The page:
High-Level Public/Private Cryptography
3 min read
I find myself writing this high-level overview of public/private key cryptography often. Sometimes I even call it "an overview of asymmetric encryption." It depends on my mood. Rather than hunt for a simple overview and fail to find one I like, I created this. An article that I can control and point to in the future. Welcome. This is my high-level overview of public-private key cryptography.
Public Private Key Cryptography
Public Private Key cryptography is based on math. It allows two huge numbers to work in tandem. To make them work in tandem, we must know some information about what type of cryptography is in use (RSA, EC) and then additional parameters that are specific to that type. One of those numbers represents the public key, and the other is the private key. Both keys can encrypt data that only the other key can decrypt.
The public key is meant to be shared, it is not secret. The private key is highly secret and is not meant to be shared. Private keys are sometimes stored in hardware to make them safer from operating system and software attacks.
Sharing the public key means that anyone can send encrypted data to the private key holder and only they will be able to decrypt it. This functionality is the basis of TLS that powers HTTPS. It is used for a client to send an encrypted second key that only the target server will have and is then used to send responses to the client that no one else can read.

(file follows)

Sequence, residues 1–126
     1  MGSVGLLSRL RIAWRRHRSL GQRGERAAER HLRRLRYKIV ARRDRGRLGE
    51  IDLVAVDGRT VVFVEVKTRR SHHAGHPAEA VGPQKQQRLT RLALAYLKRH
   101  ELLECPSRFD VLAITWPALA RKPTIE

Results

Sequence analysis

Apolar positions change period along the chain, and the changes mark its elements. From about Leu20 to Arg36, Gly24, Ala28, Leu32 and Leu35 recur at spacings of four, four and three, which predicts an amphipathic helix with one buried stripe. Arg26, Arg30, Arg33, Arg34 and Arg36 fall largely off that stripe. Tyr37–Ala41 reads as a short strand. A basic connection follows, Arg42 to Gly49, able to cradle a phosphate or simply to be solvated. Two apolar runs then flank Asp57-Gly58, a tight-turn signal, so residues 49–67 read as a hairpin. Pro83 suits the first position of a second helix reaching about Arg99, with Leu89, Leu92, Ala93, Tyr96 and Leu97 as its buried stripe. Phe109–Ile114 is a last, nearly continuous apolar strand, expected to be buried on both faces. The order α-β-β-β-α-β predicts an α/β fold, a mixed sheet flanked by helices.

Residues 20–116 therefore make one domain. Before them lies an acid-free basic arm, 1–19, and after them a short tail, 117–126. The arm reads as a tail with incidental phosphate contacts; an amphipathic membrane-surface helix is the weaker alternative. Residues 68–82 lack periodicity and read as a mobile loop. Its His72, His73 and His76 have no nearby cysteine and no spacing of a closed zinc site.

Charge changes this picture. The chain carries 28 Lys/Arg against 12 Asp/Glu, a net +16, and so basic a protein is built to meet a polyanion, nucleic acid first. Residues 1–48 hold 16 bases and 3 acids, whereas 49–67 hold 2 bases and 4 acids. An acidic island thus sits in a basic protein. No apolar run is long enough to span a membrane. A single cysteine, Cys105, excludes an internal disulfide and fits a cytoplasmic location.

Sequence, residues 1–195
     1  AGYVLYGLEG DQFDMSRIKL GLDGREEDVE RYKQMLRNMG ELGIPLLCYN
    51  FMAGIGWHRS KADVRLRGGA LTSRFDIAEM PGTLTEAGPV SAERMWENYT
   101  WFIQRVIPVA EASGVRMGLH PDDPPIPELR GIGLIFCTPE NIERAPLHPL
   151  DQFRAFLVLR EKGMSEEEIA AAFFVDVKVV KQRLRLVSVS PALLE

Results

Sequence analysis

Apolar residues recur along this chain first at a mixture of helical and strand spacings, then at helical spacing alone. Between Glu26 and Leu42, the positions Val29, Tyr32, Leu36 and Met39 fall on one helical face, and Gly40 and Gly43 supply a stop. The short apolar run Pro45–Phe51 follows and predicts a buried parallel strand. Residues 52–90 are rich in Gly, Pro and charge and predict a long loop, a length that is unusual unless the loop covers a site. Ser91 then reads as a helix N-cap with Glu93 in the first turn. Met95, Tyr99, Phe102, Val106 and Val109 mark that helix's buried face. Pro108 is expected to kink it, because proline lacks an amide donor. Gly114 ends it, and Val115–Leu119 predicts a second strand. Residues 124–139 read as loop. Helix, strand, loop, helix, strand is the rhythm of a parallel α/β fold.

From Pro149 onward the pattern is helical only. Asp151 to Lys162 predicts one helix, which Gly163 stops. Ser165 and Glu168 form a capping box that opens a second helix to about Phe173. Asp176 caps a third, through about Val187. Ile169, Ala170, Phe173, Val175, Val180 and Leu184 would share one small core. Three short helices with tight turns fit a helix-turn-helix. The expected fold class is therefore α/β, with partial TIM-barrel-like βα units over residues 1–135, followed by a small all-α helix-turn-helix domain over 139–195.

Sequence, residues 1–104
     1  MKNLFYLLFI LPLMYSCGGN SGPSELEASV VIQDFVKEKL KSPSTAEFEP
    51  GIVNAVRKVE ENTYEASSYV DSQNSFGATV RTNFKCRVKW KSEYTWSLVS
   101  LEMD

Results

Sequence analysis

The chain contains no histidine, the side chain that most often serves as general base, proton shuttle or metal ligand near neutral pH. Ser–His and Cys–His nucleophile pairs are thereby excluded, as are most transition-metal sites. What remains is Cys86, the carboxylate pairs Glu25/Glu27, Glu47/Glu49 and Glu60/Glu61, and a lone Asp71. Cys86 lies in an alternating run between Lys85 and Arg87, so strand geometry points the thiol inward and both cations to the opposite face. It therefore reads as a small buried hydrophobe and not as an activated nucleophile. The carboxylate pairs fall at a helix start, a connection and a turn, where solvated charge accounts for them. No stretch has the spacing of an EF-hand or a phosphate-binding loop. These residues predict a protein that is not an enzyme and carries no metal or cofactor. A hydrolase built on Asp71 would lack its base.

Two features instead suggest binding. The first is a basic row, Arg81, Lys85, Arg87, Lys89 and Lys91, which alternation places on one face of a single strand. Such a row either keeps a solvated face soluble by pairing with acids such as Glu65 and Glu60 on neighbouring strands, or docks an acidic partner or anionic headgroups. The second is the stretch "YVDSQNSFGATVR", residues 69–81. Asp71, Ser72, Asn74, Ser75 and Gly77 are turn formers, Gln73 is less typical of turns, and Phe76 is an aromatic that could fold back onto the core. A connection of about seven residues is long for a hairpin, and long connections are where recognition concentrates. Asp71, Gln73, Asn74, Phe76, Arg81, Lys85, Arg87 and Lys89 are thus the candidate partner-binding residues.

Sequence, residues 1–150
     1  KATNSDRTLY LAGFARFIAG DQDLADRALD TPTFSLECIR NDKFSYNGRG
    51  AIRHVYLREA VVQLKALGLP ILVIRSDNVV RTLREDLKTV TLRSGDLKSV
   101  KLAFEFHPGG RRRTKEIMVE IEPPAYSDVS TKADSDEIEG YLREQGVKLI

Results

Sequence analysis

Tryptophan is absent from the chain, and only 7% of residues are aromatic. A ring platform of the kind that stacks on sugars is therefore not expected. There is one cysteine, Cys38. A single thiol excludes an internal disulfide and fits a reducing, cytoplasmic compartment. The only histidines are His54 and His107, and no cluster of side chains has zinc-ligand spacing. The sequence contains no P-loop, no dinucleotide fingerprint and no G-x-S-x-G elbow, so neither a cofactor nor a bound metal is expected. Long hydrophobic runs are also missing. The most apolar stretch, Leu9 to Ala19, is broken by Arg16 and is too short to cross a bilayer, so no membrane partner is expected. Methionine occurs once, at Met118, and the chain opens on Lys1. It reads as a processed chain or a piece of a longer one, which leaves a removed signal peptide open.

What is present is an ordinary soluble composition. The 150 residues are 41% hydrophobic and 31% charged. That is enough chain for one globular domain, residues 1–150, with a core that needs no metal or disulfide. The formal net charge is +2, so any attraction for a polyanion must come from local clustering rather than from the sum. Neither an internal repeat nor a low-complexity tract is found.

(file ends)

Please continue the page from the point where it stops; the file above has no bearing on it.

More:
The private key can be used to encrypt data that any holder of the public key can decrypt. This seems useless from a data privacy standpoint, but it does something else that is vitally important. Any data decrypted by the public key must have been encrypted with the private key. This means we know who sent the data with a high degree of certainty. This is the basis of "signing data." In scenarios where signing large amounts of data is necessary, rather than encrypting the entire data payload, we take a hash of the data and encrypt that, and include it with the original data.
Hashing data makes a statistically unique fingerprint. Changing even one bit in the data means will generate a different hash. Hashing allows us to deterministically generate fingerprints that are smaller than the original data. The algorithm to sign data is to hash the data into a fingerprint and then encrypt the fingerprint with a private key to generate a signature. To verify a signature, the verifier hashes the data into a fingerprint. That fingerprint is compared to the value of the decrypted signature. If the values match, the data was sent by the private key holder, and the data wasn't changed.
Two examples of where signatures are used is in JWTs and x509 certificates. They are signed documents - they include data and a signature. Verifying the signature ensures the authenticity and author of the data. And that's it!